Who’s going to determine what organizations will be allowed and if time served will be counted? As noted in the article on the Advertiser-Democrat site, while the teachers are going to have first approval on what’s allowed and what isn’t, the final decision will come down to the high school principle and the director of guidance. I’m sure they’re honorable folks and all that but who’s to say what will be allowed and what won’t be? I’m sure there won’t be any issue with working 20 hours at your local church or library but what about 20 hours at your local Planed Parenthood? How about 20 hours for your non main stream presidential candidate? Will those students who choose to spend their 20 hours helping out with Ralph Nader, if he ever runs again, find out afterwards that their time was wasted?
Will there be enough volunteerism opportunities for everybody? The Oxford Hills isn’t that large of an area. Last time I checked, the eight towns together made up about twenty thousand folks with a graduating class about just under 200 students. (It’s been awhile so those numbers have probably changed by now, for better or worse) Are there enough places students can go and volunteer? Also remember that not all high school students have access to cars so getting to and from opportunities may be an issue. Not everybody is going to be able to shelve books at their town’s library.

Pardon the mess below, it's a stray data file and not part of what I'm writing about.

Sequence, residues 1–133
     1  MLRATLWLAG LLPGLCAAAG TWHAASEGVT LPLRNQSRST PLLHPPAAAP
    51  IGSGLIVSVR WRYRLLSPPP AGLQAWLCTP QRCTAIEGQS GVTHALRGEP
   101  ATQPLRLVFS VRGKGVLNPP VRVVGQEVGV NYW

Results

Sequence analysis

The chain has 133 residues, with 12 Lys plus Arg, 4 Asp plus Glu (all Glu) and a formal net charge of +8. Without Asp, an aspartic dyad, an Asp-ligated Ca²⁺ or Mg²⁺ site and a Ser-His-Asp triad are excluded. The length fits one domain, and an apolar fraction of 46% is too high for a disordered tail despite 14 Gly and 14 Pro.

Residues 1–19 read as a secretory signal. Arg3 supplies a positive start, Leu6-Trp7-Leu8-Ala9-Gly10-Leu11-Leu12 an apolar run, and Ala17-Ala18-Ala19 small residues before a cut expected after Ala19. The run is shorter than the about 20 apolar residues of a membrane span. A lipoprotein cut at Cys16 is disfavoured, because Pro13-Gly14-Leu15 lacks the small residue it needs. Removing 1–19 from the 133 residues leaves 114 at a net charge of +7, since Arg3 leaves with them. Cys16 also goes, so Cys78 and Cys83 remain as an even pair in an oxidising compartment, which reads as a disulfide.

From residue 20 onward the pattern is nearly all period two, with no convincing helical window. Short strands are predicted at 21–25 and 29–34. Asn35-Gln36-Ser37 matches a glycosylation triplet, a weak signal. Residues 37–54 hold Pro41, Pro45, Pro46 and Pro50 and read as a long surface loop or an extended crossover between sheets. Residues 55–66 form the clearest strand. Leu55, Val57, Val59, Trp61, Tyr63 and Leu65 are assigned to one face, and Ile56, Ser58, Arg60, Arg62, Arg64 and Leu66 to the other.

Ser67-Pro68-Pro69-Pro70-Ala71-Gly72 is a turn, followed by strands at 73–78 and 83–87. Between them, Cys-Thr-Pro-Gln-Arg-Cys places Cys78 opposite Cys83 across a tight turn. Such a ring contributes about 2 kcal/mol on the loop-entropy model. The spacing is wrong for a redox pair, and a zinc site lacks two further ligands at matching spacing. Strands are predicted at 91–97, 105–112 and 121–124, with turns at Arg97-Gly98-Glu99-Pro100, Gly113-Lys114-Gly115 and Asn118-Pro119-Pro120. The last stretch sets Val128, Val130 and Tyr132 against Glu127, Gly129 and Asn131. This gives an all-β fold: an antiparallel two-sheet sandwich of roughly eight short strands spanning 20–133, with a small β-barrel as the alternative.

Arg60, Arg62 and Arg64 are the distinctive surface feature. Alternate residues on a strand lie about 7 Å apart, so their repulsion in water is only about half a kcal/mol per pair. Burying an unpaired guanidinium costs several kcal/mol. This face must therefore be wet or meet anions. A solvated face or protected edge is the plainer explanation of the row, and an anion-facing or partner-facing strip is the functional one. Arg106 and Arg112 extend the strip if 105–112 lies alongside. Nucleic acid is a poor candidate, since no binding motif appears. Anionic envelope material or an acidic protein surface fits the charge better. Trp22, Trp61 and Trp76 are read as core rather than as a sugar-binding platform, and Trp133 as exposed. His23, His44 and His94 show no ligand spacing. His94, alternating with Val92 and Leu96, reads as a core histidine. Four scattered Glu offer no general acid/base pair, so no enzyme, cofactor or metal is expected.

Ability. Let’s be honest here. Not everybody has the mindset to volunteer. Sure, they may be gung ho going in but after 2 hours of ladling grits at six on a Sunday morning underneath an Interstate overpass isn’t for everybody. And shelving books at the library isn’t for everybody either.
Time. Sure, twenty hours over a four year period doesn’t seem to be a lot and I have to admit that I don’t think it is either. But what about those teenagers who are working forty hours a week during the school year trying to make money for their families? Or two jobs during the summer? Are they going to be able to find the time to do their time?
Will it be worth it? I have to wonder if students will get anything out of completing twenty hours of volunteerism. As noted in the article, doing community service is usually done as a punishment instead of serving jail time. Also, as noted in the article, colleges and universities look down on compulsory community service. Will that reflect badly on graduates trying to get into a decent college?